Starter Pack: Eric Church

Picking five songs you’ve gotta check out by Eric Church is one of the greatest challenges I’ve faced all year. Just five?? Can we set aside all of Carolina as necessary and go from there? Or Chief? Anyway. For the tip of the iceberg, here are five must-listen Church songs:

“Springsteen” (from Chief)

Church’s 2011 album Chief put him on the map in a lot of ways, giving him his first #1 album and songs, “Drink in My Hand” and “Springsteen.” The latter, co-written with Jeff Hyde and Ryan Tyndell and produced by Jay Joyce, is an absolutely perfect combination of lyrical brilliance, anthemic melody, and timeless nostalgia. “If I bumped into you by happenstance, you probably wouldn’t even know who I am, but if I whispered your name I bet there’d still be a spark,” Church sings. If you haven’t, listen to his live version from the Caught in the Act album he released in 2013 – mid-song, Church takes a break to re-live his first Bruce Springsteen concert, transitioning into a cover of “Born to Run.”

“Sinners Like Me” (from Sinners Like Me)

This title track from Church’s 2006 debut album, written by Church and frequent collaborator Jeremy Spillman, is a great introduction to Church’s persona and artistry – a little left of center, sometimes cozy with sin, but not so far down the path of reckless abandon as to lose the listener. As with the best country songs, “Sinners Like Me” bleeds artistic honesty, with lyrics personal and specific enough to connect completely. “I was 15 when my daddy’s old man caught me halfway through my first beer / he laughed so hard when my face turned green / he said, ‘You come from a long line of sinners like me.’ / now me and brother go to see him sometimes / he don’t have much to say anymore / so we sit on his headstone with a fifth of Jack D / here’s to a long line of sinners like me.”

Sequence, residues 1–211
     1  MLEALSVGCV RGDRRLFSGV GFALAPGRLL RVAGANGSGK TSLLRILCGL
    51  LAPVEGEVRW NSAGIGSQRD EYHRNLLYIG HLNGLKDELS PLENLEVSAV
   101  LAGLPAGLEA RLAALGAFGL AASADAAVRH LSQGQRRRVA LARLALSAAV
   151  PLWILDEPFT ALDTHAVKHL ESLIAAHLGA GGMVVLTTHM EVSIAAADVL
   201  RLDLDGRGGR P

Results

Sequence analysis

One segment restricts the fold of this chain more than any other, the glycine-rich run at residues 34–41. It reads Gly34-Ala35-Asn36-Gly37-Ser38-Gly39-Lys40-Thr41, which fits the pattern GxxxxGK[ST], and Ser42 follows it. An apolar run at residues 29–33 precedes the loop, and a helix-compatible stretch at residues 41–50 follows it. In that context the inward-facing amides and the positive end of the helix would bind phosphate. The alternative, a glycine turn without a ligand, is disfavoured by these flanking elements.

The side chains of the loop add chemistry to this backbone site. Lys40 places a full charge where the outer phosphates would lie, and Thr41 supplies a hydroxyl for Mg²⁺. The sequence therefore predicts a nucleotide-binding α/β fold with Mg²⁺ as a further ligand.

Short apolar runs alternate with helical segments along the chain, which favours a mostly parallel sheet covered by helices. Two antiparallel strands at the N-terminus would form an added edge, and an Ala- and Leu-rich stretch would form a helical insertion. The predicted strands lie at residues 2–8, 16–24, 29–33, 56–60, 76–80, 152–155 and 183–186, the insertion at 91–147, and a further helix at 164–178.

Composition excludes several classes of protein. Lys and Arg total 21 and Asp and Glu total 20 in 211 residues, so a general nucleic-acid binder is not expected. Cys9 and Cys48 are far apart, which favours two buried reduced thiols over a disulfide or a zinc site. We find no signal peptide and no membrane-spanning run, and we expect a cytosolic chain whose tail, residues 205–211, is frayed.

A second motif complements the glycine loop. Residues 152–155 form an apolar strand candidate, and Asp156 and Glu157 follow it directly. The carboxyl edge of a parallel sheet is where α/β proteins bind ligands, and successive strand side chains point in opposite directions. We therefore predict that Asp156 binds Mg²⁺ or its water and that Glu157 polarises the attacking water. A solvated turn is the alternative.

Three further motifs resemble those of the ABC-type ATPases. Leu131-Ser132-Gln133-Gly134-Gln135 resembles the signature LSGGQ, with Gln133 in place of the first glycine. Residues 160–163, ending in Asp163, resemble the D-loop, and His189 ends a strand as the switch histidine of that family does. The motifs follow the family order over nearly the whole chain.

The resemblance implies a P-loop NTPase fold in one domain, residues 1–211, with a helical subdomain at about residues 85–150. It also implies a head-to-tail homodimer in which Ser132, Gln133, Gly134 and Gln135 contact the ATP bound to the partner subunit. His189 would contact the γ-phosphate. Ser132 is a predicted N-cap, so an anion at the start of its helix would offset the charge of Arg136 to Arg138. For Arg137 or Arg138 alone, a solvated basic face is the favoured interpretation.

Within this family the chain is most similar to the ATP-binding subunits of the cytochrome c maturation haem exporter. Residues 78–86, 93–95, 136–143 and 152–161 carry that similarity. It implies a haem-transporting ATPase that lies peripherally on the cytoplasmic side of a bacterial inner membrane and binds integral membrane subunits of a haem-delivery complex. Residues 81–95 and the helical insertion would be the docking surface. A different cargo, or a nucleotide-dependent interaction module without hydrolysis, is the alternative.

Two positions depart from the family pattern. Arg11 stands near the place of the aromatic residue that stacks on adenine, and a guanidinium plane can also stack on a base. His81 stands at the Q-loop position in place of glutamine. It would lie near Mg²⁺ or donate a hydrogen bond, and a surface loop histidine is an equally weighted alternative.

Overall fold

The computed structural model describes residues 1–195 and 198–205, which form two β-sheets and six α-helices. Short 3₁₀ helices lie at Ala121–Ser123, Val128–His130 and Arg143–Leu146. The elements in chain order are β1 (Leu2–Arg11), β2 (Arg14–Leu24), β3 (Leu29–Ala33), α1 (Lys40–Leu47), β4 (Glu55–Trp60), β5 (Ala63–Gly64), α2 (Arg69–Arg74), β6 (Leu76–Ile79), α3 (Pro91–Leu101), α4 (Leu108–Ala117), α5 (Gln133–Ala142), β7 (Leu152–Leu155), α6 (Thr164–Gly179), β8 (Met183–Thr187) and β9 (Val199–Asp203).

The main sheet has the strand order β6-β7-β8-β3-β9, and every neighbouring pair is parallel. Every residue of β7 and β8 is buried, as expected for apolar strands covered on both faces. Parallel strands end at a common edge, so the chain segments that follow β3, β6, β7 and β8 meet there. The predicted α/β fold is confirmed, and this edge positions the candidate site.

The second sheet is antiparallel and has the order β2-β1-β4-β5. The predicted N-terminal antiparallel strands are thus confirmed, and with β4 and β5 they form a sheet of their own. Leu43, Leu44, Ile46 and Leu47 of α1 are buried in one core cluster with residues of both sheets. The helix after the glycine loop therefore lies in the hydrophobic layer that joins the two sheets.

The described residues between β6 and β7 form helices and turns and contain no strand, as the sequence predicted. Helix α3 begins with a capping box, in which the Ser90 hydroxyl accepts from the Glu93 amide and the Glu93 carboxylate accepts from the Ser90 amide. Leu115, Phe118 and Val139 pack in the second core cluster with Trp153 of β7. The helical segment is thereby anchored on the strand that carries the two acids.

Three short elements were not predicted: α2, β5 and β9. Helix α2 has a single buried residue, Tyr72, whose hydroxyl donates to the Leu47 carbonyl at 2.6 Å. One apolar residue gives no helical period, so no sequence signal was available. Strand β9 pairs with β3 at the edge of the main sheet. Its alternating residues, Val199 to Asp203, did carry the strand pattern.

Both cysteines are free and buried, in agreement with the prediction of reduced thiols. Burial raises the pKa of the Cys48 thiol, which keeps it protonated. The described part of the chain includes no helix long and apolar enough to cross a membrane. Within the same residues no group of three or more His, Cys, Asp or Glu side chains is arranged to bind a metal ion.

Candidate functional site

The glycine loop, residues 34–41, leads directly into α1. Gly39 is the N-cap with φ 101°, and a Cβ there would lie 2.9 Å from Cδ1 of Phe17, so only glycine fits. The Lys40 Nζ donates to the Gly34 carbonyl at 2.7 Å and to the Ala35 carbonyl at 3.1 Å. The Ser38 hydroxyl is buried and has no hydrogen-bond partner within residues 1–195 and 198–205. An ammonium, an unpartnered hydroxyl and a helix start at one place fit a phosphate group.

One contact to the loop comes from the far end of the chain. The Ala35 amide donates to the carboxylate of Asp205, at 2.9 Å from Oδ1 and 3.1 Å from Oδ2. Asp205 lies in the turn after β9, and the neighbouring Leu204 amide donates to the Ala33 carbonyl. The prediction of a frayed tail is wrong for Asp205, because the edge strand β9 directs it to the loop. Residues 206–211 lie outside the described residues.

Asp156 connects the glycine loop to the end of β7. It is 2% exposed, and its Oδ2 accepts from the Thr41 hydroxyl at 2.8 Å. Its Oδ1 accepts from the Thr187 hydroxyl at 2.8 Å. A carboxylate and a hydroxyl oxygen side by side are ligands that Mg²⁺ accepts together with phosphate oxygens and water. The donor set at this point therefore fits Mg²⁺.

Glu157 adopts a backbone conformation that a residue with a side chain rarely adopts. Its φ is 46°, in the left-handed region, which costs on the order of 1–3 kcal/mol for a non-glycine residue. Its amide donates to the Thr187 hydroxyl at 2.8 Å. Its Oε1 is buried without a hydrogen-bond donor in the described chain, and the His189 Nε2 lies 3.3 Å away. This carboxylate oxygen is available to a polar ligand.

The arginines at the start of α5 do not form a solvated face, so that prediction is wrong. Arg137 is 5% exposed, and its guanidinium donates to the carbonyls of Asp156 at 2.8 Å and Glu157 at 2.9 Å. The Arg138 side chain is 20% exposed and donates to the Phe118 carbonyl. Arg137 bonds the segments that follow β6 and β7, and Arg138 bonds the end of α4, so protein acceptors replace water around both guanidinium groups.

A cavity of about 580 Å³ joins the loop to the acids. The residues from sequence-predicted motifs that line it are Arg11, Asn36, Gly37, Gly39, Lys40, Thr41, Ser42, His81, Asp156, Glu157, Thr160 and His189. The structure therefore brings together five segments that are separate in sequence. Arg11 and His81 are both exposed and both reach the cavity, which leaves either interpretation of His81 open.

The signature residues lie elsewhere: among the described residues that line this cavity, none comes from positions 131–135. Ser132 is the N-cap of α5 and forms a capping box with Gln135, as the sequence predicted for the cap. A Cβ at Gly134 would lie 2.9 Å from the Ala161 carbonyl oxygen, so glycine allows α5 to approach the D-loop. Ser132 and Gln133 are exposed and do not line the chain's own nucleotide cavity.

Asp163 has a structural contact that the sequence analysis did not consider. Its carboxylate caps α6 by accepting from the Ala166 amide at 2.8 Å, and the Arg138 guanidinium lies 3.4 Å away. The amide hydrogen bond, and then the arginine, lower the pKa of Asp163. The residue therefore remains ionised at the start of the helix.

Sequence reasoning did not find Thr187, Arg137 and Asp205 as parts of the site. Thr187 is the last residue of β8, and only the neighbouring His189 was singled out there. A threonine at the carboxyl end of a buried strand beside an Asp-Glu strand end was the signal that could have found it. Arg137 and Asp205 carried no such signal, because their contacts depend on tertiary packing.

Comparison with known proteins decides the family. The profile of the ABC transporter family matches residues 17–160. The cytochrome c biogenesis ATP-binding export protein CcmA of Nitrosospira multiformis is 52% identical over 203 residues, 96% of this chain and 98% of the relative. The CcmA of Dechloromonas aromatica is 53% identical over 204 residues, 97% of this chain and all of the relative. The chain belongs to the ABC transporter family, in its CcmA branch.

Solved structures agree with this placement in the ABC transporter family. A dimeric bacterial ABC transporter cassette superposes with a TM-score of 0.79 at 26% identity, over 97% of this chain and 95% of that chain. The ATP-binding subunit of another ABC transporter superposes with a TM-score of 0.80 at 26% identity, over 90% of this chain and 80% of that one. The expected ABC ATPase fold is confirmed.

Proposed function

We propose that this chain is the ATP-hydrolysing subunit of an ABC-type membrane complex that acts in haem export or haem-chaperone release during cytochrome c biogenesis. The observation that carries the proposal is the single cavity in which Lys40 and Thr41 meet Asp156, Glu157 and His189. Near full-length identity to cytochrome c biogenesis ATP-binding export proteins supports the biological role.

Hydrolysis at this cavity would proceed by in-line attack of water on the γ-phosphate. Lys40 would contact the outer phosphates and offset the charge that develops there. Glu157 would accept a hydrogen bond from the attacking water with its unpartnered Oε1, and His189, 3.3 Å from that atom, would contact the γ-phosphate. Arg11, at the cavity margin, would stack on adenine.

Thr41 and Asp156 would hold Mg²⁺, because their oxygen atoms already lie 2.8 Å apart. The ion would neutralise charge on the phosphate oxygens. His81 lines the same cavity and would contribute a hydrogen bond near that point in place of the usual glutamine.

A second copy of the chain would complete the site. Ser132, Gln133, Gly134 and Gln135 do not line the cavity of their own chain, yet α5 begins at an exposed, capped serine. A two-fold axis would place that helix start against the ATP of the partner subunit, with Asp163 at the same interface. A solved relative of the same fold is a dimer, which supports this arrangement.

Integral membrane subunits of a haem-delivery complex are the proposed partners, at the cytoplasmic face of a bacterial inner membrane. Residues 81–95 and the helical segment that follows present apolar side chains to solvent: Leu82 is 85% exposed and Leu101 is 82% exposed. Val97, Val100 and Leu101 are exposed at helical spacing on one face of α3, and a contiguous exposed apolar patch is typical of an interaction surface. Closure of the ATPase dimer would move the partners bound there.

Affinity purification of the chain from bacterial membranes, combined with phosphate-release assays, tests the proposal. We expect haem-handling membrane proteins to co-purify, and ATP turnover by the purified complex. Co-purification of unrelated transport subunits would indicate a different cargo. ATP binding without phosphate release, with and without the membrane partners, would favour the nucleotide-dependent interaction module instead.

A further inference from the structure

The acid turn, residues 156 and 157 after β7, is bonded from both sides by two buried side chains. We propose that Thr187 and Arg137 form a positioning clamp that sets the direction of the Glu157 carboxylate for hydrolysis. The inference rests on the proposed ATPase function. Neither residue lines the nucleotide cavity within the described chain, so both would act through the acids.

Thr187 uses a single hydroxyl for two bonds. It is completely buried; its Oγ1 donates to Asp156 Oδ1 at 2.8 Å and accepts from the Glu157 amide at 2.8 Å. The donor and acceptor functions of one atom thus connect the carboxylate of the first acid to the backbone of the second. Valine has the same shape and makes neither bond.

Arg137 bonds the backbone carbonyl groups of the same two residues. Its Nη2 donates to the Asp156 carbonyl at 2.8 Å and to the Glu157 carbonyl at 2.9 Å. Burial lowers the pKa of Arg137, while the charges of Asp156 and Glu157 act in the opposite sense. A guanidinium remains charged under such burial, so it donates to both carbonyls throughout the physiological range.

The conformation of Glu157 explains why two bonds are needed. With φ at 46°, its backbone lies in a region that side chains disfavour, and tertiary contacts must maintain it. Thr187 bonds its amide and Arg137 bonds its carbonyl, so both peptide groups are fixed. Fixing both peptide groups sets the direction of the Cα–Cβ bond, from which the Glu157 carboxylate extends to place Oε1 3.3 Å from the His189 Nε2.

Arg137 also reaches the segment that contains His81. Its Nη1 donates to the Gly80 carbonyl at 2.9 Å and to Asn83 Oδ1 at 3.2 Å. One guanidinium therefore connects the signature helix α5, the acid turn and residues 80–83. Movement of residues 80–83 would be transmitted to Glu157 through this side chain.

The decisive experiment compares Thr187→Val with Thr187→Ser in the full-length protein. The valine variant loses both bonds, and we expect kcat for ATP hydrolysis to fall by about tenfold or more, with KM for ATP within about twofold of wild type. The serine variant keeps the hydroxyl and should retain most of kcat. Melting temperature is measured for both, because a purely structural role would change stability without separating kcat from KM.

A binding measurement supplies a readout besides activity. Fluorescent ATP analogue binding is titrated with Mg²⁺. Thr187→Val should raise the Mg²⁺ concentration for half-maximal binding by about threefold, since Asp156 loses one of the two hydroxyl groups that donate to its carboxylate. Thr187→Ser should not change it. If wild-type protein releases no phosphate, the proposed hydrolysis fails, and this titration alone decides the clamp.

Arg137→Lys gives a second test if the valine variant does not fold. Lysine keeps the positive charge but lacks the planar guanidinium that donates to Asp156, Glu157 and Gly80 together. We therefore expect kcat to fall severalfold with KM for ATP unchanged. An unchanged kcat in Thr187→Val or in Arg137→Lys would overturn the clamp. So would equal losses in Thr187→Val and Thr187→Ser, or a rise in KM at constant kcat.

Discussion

“Before She Does” (from Sinners Like Me)

The production almost snarls in this rock-heavy lead-off to Church’s debut album. Church details a set of beliefs, again leaning of specificity of imagery (“I believe that gas is too damn high / ain’t nothing more American than mama’s apple pie … I believe the bible is cold hard fact”) before getting to the meat of the hook, “I believe that Jesus is coming back / before she does.” Written with Jeff Hyde and Driver Williams, Church combines humor, patriotism, strength of character, and the absolutes of a relationship lost with melodic strength and electrics that shimmer with the heat of emotion.

“Like Jesus Does” (from Chief)

Written by Casey Beathard and Monty Criswell, this smoky slow-jam is among Church’s finer offerings in the more emotive realm, a vibe at which he excels, and absolutely nails with this track. “She knows the man I ain’t, she forgives me when I can’t / and the devil, man, no he don’t have a prayer / ‘cuz she loves me like Jesus does,” Church sings. While he didn’t have a hand in the writing, “Like Jesus Does” fits perfectly with Church’s acknowledged imperfection and best efforts at righteousness, and producer Jay Joyce leaves the production room to breathe, much like the sparse and similarly-themed 2014 “A Man Who Was Gonna Die Young.”

“Smoke A Little Smoke” (from Carolina)

Church’s label was immensely not happy with Church’s choice to make this song a single off 2011’s Carolina. The song, which hit Platinum status but failed to peak above #16 on hot country, ruffled radio feathers with its drug references in particular – however, Church stuck to his guns with the release, which serves as yet another example of his strong artistry and ability to balance vocally driven moments with heavy rock influences.